WASHINGTON | February 6, 2018
Hard Lessons From the Federal Student-Loan Program’s Coming $36 Billion Shortfall
By Josh Mitchell — Sunday, February 4, 2018
U.S. officials have long maintained the federal government would make a profit on its $1.4 trillion student loan portfolio or at least break even, but two recent reports suggest just the opposite will be the case. Government lending to college and graduate students could soon become an immense drain on federal coffers, worsening an already deteriorating U.S. budget picture.
The Education Department’s inspector general, an agency watchdog, in a report
released last week said the profitability of the U.S. federal student lending program is being squeezed because millions of Americans who borrowed heavily in recent years—including many graduate students—are flocking into a program to have substantial portions of their debts forgiven. Students who borrowed in the fiscal year ended Sep. 30, 2015, and enrolled in such “income-driven repayment” plans, for example, are expected to pay back $11.5 billion less than they took to pay tuition and other schooling costs.
The government still earns billions of dollars every year in interest on the loans it has made to 43 million American undergraduates, graduate students, and parents of undergrads. But the losses from those not repaying are now projected to mount and could eat up all of the gains. It is hard to get precise estimates, but the Education Department’s annual financial report
, released in November, offered a clue. A footnote in the report projected that money coming in for government student loan and guarantee programs will be $36 billion short of what’s needed to cover outstanding debt and accrued interest.
A year earlier, the department projected the shortfall would be $8.4 billion, while in prior years it projected the program would generate billions of dollars in taxpayer surpluses. The latest report explained that one reason for the sharp switch was the rise of income-driven repayment plans. These plans set monthly payments as a share of a borrower’s income and then forgive any balance that remains after 10, 20 or 25 years, depending on the borrower’s work status and loan size.
While that $36 billion projection doesn’t quite compare to the $4 trillion federal budget, it’s still an immense sum. To put it in perspective, the government ultimately paid $33 billion to bail out Wall Street banks and auto companies under the Troubled Asset Relief Program during last decade’s financial crisis, according to the Congressional Budget Office.
The prospect of taxpayer losses on student loans increases the chances that Congress will make major changes to the program, such as eliminating debt-forgiveness options or placing new dollar limits on how much individuals can borrow. Congressional Republicans have proposed such changes. Moreover, the risk of a flood of red ink highlights what analysts across the political spectrum agree has become an inefficient system that for years directed funds to universities as they raised prices, with little regard for the creditworthiness of borrowersThe government expanded lending to help students pay for college, and it consistently estimated the program would return tens of billions of dollars in profits. Budget officials from the Education Department and Congress said that while taxpayers would end up covering a big chunk of unpaid loans—including $108 billion in forgiven debt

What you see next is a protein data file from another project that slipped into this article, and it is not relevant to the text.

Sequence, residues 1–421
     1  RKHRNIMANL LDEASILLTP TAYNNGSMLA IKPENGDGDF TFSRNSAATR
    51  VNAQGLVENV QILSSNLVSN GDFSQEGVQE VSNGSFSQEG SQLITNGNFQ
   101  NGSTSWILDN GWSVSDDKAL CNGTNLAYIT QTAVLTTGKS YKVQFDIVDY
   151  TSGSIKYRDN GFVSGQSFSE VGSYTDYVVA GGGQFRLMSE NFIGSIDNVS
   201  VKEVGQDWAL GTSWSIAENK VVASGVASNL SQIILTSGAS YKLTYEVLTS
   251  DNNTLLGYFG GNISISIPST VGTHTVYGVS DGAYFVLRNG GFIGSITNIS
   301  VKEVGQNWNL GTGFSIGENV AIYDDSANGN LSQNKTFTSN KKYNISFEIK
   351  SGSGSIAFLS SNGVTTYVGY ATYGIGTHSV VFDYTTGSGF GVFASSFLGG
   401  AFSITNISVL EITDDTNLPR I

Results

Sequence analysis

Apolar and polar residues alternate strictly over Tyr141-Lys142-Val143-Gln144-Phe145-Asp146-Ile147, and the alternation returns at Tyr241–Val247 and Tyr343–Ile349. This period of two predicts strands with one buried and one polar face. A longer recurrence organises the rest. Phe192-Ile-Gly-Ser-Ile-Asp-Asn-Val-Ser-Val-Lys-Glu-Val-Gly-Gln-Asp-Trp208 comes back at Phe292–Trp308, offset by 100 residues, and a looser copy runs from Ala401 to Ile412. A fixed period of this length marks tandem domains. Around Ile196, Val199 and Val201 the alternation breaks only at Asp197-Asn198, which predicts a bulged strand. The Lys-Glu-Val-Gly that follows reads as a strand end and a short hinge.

, according to a 2016 estimate by the Government Accountability Office—enough borrowers would repay their debts with interest to maintain a surplus.
Critics inside and outside the government have said faulty accounting methods overstated how much money the program would bring in. A Government Accountability Office study in 2016 called for major changes to the government’s methods, including its assumptions for future interest rates, how much debt it would collect on defaulted loans, and how many students would enroll in debt-forgiveness programs. The Education Department said its November estimate of $36 billion in prospective losses reflected internal accounting changes designed to respond to the GAO concerns.
“There’s been a systematic underestimate of default rates,” said Douglas Holtz-Eakin, a former CBO chief who heads the conservative group American Action Forum. He said he believed costs would rise further given low student-repayment trends of recent years. “This is the financial downside of government-credit intervention, whether it’s direct loans or guarantees. And it turns out these are large numbers.”
Nearly five million direct-loan borrowers have defaulted, meaning they’ve gone at least a year without making payments. Other borrowers, particularly those with graduate degrees, are refinancing at lower interest rates through private lenders such as Social Finance Inc., reducing the money the government expected to make on interest payments. Others are getting their debt obligations waived by the Education Department because investigators concluded their schools defrauded them with deceptive recruiting.
Perhaps the biggest factor is a surge in borrowers enrolling in income-driven repayment. The plans, created by Congress in the 1990s and 2000s, are designed to help the neediest, for example those in low-paying jobs. They’re also helping borrowers who went to pricey, prestigious schools and now work in white-collar jobs.
About 6.5 million Americans owing $352.5 billion in federal loans are enrolled in the programs, Education Department figures show. That is up from 1.6 million borrowers owing $72.3 billion in early 2013.
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